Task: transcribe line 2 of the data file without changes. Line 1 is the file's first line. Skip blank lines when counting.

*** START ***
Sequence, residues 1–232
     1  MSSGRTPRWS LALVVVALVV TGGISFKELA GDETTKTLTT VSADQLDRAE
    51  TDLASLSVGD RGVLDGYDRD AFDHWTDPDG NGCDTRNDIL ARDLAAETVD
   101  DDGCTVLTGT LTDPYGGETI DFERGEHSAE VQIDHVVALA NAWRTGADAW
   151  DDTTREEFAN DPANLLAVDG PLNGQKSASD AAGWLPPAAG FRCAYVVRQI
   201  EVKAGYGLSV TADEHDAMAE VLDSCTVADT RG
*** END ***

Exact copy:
     1  MSSGRTPRWS LALVVVALVV TGGISFKELA GDETTKTLTT VSADQLDRAE